Overall, my comparison concludes in favour of the Morrison's Eat Smart sandwich on almost all counts.  The Deli Club Triple was not enjoyable to eat, and certainly didn't taste like a Chicken and Bacon sandwich should, while the Morrison's Eat Smart surprised me with its value for money, and better-than-expected general flavour and enjoyment.  The Morrison's sandwich, I would buy again; the Deli Club Triple?  Not a chance!

My thanks go to Alex Demetriou for assisting with research and analysis during the writing of this review.

"My pleasure, Kit" - Alex Demetriou, chief sandwich quality control for Regal House.

Friday, 18 May 2012

A quick note on Grant Holt's #NCFC Transfer Request

Today, it emerged that Norwich City Football Club striker Grant Holt had put in a transfer request to the club, which was subsequently rejected.  As a Norwich City fan, I'd like to say a word of warning to other fans, who are probably just as shocked and worried by this news as I am...

At present, very few people know what is behind this surprise move.  It is hard to imagine a player wanting to leave a club whose profile has been raised almost beyond recognition in the past few years - a club where he has been the top scorer for three consecutive seasons, and where he is adored (idolised, even?) by the fans and players alike.  For these reasons, it's hard to make any kind of judgements about this bizarre situations - and it would certainly be advisable not to jump to any conclusions.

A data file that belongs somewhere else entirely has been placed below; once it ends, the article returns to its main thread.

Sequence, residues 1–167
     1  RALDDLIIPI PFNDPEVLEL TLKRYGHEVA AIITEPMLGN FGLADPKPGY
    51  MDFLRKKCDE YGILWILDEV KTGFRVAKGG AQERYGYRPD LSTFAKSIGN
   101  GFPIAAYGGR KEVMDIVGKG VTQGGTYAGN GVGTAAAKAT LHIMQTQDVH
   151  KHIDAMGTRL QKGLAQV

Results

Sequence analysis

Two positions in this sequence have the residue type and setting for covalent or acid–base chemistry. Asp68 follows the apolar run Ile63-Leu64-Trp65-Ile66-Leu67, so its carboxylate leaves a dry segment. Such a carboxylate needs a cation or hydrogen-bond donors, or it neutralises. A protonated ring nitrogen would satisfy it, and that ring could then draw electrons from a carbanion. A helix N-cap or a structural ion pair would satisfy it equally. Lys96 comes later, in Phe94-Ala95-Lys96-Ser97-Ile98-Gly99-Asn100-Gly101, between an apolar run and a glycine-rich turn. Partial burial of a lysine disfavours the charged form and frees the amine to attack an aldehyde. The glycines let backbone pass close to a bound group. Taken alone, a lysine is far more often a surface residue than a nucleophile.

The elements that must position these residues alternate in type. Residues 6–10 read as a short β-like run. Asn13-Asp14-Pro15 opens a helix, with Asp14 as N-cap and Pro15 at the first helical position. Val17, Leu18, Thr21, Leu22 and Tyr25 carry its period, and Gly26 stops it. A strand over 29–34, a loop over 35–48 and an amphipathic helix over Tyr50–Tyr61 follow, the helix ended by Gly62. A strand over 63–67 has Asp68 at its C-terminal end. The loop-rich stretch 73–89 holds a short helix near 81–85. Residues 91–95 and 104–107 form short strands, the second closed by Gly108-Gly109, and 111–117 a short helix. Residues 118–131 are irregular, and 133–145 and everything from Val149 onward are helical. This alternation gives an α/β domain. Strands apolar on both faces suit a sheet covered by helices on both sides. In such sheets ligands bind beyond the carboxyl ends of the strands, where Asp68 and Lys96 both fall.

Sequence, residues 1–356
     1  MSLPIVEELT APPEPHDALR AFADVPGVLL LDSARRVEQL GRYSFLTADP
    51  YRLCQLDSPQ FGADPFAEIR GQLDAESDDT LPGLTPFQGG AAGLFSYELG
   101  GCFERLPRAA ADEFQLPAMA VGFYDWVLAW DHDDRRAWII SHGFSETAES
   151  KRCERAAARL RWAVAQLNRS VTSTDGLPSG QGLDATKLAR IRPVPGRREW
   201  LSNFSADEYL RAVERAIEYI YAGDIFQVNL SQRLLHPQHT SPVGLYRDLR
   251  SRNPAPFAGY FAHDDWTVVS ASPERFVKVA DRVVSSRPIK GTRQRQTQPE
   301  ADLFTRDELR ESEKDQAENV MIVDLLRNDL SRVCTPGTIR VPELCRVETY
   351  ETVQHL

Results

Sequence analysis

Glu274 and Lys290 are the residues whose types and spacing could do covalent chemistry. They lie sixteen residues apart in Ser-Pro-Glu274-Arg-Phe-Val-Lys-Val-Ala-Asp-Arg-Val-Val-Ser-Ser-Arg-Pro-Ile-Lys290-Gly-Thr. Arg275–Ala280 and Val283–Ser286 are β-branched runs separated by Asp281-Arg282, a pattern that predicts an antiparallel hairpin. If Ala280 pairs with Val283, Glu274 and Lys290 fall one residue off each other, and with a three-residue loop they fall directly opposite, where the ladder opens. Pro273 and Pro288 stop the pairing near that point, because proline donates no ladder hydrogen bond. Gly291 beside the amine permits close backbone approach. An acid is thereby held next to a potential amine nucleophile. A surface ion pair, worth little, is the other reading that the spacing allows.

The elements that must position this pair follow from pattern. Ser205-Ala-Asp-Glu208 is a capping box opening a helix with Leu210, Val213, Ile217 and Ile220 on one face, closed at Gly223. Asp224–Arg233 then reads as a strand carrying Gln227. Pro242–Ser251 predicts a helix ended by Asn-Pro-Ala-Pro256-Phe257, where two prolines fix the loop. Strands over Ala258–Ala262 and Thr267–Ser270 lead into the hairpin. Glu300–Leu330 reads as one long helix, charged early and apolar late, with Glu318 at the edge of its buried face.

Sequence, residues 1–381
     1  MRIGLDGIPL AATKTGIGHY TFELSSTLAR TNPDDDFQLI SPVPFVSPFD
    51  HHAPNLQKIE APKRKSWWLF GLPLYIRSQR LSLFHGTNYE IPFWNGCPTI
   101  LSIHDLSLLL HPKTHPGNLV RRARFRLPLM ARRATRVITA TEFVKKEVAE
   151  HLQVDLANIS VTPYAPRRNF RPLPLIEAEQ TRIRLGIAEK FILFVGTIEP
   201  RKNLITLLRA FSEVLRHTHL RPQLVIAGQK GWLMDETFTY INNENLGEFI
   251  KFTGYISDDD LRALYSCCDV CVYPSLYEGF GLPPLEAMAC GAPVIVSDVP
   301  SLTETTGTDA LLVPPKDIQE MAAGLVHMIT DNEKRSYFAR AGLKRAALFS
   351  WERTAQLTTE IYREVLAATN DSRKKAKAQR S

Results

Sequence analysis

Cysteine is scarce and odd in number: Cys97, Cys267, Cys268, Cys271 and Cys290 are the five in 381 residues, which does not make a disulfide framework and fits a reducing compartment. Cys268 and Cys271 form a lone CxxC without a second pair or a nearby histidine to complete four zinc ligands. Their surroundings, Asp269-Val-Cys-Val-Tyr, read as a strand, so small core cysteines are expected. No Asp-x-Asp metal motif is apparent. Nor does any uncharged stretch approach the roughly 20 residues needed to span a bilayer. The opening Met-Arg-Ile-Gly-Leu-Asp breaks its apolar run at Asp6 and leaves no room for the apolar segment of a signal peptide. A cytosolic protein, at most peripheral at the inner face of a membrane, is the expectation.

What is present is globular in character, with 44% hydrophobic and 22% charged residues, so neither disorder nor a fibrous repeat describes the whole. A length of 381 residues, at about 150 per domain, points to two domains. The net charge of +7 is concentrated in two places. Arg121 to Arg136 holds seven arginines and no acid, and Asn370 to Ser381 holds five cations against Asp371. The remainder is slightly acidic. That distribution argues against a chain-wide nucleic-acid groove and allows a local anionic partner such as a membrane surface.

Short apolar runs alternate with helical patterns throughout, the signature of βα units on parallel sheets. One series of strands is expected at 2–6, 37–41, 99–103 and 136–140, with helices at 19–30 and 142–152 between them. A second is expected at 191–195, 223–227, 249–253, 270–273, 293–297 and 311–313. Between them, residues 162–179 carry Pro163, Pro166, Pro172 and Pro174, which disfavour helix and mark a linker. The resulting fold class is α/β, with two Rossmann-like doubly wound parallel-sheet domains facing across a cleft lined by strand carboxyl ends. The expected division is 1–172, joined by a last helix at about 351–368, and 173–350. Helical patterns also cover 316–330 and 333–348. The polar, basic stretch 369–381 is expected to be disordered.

What worries me most of all, though, is some of the comments from Norwich "fans" about this situation, which are now emerging on Twitter and on Facebook.  I am shocked at how quick some people have been to turn on Holt, and at the vitriol of some of the comments directed towards him.

Personally, I would urge Norwich fans to show some restraint.  Nobody understands this sudden move, and I am just as saddened by it as the next Canaries fan - believe me! - but are we showing ourselves, and our club, in the best light by such tribalism?